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Edge

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(Anglo-Saxon, ecg.)

Not to put too fine an edge upon it. Not to mince the matter; to speak plainly.        

“He is, not to put too fine an edge upon it, a thorough scoundrel.”—Lowell.

To be on edge. To be very eager or impatient.

To set one’s tecth on edge. To give one the horrors; to induce a tingling or grating sensation in one’s teeth, as from acids or harsh noises.        

“I had rather hear a brazen canstick turned,

Or a dry wheel grate on the axle-tree;

And that would set my teeth nothing on edge,


Shakespeare: 1 Henry IV., iii. 1.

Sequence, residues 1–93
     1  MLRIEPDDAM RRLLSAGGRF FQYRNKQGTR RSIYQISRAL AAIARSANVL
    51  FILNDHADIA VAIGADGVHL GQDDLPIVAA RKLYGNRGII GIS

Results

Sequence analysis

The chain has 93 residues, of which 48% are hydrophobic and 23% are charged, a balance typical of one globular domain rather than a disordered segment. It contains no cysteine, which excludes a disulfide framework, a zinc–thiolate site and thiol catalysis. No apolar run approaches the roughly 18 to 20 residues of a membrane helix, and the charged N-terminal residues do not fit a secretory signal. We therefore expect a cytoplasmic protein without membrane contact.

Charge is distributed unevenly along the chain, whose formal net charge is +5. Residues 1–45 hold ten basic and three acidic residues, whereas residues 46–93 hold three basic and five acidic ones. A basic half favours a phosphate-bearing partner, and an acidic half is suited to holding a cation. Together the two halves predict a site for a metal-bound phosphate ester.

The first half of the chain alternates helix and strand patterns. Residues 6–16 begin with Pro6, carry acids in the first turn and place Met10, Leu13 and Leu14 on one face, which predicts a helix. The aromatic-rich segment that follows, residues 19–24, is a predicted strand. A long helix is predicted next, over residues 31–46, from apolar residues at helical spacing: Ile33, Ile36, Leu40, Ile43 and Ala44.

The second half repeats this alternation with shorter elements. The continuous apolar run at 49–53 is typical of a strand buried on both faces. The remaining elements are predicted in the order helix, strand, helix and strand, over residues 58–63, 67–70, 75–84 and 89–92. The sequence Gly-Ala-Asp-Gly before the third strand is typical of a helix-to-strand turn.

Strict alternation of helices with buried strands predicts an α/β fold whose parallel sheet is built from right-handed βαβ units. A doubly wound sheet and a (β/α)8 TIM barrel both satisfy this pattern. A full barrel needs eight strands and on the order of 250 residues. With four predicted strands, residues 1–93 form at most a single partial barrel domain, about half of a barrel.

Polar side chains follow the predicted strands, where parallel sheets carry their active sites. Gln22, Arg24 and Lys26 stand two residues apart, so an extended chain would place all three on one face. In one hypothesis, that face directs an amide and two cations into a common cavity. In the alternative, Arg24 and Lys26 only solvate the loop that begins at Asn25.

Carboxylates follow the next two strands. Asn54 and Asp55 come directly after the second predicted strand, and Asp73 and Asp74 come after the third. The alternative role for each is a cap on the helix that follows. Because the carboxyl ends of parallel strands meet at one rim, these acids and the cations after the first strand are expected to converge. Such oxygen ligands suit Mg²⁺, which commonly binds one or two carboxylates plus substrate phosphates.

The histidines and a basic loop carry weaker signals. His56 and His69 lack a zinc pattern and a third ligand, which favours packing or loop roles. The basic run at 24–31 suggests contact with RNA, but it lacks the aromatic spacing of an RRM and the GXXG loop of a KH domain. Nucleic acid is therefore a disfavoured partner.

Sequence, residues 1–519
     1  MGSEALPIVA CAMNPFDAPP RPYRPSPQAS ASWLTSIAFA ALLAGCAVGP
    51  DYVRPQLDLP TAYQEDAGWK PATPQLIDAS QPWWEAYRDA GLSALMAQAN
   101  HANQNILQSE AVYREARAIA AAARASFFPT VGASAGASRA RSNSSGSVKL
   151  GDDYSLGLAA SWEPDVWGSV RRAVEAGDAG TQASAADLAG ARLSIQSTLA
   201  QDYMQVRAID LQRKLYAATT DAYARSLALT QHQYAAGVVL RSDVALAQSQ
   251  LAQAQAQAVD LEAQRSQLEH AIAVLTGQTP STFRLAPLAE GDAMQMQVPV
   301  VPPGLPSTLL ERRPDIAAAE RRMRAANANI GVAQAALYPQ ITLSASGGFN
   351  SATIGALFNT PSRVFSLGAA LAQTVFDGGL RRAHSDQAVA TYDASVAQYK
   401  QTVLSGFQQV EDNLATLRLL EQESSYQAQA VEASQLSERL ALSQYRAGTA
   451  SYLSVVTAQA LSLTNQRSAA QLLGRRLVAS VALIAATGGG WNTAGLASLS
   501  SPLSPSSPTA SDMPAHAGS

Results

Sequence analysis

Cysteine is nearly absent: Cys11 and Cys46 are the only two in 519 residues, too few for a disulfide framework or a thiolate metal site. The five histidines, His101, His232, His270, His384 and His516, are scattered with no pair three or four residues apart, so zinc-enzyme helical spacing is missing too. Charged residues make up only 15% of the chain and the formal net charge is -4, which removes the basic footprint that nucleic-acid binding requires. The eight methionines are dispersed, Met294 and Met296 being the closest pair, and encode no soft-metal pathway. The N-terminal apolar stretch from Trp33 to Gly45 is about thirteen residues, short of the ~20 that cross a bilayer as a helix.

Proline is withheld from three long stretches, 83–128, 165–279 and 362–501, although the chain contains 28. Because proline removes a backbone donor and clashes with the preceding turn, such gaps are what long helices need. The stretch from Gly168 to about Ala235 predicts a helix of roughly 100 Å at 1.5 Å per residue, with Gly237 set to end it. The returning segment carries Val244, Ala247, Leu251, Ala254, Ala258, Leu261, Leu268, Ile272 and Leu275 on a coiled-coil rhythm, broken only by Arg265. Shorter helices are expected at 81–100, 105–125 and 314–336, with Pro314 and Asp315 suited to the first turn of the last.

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Entry taken from Dictionary of Phrase and Fable, edited by the Rev. E. Cobham Brewer, LL.D. and revised in 1895.

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Écorcheurs
Ecstasy
Ecstatic Doctor (The)
Ecstatici (The)
Ector (Sir)
Edda
Eden
Eden Hall
Edenburgh
Edgar or Edgardo
Edge
Edge Away (To)
Edge-bone
Edge on
Edge of the Sword
Edgewise
Edged Tools
Edhilingi
Edict of Milan
Edict of Nantes
Edie Ochiltree

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Teeth